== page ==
STOP! Before you put this down, thinking it has nothing to offer you, consider the meaning of the word silly. According to Richard Stone, it has the same roots as the German word selig, which means blessed, fortunate, favored, and happy.
Many leaders seem to take themselves and their responsibilities far too seriously (I’m one of them). They live with the fear of failure, looking foolish, or appearing incompetent. Consequently, it’s easy to opt for sticking with what you think will work and make you look good. I, for one, vote for being silly as a leader and, believe me, I’ve got a long way to go. I’m the poster child for leadership seriousness/stuffiness. I should listen to the advice of my former co-worker, Steve Gilmore, who said: “Life is a parade, be a clown!”
Seriousness can kill innovation, creativity and fresh progress. Silliness can restore adventure and curiosity. Now, when I advocate being silly, I’m not talking about making a complete idiot of yourself or becoming the laughing stock of your team. I’m talking about chilling out, lightening up, getting a life and tapping into your God-given creativity. Noted educator, Neil Postman, has observed that: “Children enter school as question marks and leave as periods.” Maybe, at last, I’m ready to return to creative child-like silliness. I’m beginning to think that ministry and leadership should be fun, not an arduous task that drains and discourages more than it lifts and exhilarates. But, be prepared. Silliness is not generally well received. Many leaders tend to abhor and shy away from silliness and are critical of those who act silly. You might hear things like:
- Let’s just follow the rules
- That’s not logical
- Be practical
- Don’t be foolish
- That’s the most ridiculous thing I’ve ever heard of
- Come on now, that’s pure nonsense
One well known leader I read about shares that he got the idea of building a real bridge in the worship center for Easter to visually portray Christ being the bridge to eternal life. Never been done before, highly unusual, possibility of being accused of being outlandish, extravagant. It was just a wild, silly, unconventional idea. They built it and people, after the services, (much to the staff’s surprise) began to walk across it to signify crossing over from death to life. He quickly got on the phone with the builder up in the booth concerned that the bridge might collapse, triggering a lawsuit or, worse yet, visually demonstrating that Christ as the bridge wasn’t strong enough. “Relax,” said the builder, “you could drive a truck across it.” It was an Easter service no one will ever forget.
A number of years ago I joined a Toastmasters club while living in Seattle. It was unlike any Toastmasters club I had ever been a part of. There was more fun, creativity and pure silliness per square inch than any group I’d ever been with. It rubbed off and affected me greatly. Many of those in the club were very unorthodox and imaginative. They had great off-the-wall, outside-the-box ideas. (I tend to do the same things in the same way, being the quintessential “rut thinker.”)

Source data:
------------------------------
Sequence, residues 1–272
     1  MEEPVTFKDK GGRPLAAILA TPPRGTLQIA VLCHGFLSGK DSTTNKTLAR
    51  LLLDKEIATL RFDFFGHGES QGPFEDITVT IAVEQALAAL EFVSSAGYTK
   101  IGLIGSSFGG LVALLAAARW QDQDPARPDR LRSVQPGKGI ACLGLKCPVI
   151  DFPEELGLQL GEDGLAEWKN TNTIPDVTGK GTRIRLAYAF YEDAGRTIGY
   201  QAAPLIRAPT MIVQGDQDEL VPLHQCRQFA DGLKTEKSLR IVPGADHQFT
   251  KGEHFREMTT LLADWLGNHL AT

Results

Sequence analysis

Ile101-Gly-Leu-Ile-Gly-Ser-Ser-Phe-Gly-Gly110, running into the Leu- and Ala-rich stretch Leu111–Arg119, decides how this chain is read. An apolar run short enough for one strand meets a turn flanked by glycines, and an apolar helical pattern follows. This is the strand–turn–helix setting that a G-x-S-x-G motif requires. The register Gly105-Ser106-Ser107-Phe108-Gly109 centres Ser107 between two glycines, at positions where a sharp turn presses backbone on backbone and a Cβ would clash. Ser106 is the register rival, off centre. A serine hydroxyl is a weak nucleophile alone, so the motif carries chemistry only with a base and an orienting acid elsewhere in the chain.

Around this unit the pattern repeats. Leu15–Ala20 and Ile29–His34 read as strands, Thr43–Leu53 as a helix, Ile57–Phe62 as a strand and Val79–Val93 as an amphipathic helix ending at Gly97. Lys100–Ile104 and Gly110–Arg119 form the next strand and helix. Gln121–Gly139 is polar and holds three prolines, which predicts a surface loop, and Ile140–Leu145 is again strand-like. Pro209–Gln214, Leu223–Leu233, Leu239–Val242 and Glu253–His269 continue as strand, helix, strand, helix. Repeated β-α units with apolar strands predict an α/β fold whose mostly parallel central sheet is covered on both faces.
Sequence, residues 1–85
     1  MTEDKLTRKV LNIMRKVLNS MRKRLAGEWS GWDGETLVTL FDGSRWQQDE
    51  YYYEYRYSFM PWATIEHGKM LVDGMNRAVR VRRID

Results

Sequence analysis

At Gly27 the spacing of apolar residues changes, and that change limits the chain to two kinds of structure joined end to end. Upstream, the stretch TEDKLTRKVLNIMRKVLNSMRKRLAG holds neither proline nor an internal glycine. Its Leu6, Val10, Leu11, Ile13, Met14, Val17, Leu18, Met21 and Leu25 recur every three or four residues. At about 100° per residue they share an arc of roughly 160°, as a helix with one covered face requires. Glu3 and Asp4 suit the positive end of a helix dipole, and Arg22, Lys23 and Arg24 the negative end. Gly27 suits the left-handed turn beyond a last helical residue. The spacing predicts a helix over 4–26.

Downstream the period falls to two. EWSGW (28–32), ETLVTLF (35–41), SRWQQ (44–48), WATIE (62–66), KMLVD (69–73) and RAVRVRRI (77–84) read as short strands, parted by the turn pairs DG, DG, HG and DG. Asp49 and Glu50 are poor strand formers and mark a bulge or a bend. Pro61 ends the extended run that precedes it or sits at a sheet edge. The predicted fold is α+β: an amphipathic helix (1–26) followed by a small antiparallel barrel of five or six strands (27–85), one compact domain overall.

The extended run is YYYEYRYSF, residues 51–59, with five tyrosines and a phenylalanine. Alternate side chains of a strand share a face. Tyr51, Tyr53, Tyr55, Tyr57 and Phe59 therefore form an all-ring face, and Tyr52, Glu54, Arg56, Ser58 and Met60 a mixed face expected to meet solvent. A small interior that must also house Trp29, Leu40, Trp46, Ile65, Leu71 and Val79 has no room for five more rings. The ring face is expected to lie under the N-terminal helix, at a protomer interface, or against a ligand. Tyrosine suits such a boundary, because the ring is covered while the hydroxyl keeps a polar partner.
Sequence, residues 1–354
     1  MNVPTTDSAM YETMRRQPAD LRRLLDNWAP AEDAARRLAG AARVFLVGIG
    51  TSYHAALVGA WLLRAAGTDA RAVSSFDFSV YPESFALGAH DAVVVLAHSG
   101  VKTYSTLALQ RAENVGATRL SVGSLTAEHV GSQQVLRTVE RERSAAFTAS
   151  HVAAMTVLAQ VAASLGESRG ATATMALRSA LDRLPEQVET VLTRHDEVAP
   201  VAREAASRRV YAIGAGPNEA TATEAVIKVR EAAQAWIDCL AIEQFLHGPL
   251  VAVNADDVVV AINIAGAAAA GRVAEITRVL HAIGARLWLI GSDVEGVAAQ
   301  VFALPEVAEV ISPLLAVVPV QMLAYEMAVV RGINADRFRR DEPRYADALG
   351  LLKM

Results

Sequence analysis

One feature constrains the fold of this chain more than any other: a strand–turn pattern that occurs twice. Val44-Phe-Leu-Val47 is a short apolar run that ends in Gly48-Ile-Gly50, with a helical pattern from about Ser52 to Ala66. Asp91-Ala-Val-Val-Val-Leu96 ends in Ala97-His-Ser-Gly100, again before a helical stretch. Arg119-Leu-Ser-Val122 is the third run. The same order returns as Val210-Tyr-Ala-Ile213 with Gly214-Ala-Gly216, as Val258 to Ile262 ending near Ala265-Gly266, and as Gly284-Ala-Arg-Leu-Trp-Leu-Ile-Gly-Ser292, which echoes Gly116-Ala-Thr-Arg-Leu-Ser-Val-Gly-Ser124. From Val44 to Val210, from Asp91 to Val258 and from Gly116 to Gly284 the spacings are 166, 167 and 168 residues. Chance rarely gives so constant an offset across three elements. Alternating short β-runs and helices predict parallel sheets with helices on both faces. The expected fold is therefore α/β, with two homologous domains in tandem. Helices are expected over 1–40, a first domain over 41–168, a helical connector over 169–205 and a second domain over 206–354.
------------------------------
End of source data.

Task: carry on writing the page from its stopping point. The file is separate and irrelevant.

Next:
At one Toastmasters meeting, Dean gave his intro via a tape recording of his own voice and mouthed the words. He wore different hats at different points in the meeting, addressed the audience from the side rather than the front and used a number of other highly unusual and “never-been-done-before” techniques. The bottom line was, he was being just plain silly. We loved it. Everybody had a load of laughs and a great deal of fun. It enhanced rather than hindered our learning.
I suspect that, privately, many of us do things with freedom and abandonment. But in public we become conservative, cautious and fearful. Oh, to dance as if no one were looking, to live our lives out loud, to be free to let it all hang out and not be overly concerned with what others may think. I’m wondering how many of the truly creative and idea-rich leaders throughout history had a good deal of silliness in them–Ben Franklin, Thomas Edison and Winston Churchill for starters.
Richard Stone, author of “The Healing Art of Storytelling” says: “When I give adults in my training programs permission to be silly by asking them to make up fanciful stories, an amazing thing happens. Their energy picks up, their thinking begins to flow in unexpected ways, and they become more unified as a team. Perhaps most important, their ability to solve real-world problems soars.” The first rule of being a silly leader is to play the revolutionary and challenge the rules and conventional thinking.
One of my friends, Kurt Johnson, lives in Seattle. Kurt is the silliest person I know. He truly has a child’s spirit and curiosity. No “periods” with him; he’s all question marks and exclamation points! He has worked with both children and adults in his ministry through the years. He actually prefers working with children because they let him be who he is and are not critical. He is the free-est and most creative when in the presence of children. They just love him. You never quite know what Mr. J (as the kids call him) is going to do. He is a breath of fresh air; but many adults can’t handle it. A rubber chicken hangs from his pants pocket wherever he goes. Silliness bubbles out of him like laughter from children.
Here are a few suggestions on developing silliness:
- Spend some time hanging out with the silliest, free-est and craziest people you know so you can harvest some wild and silly ideas.
- Read some children’s books. Dr. Seuss, for example. He is as silly as they come. Or, “The Chronicles of Narnia,” by C. S. Lewis.
- Do something for the first time that scares you and makes you look foolish. It might surprise you how much people enjoy it and how much creativity it ignites.
- Subscribe to a creative, wild magazine like “Wired,” or read a creative book like, “ A Whack On the Side of the Head,” by Roger Von Oech.
Go on, BE SILLY! You might like it, “Sam I am”!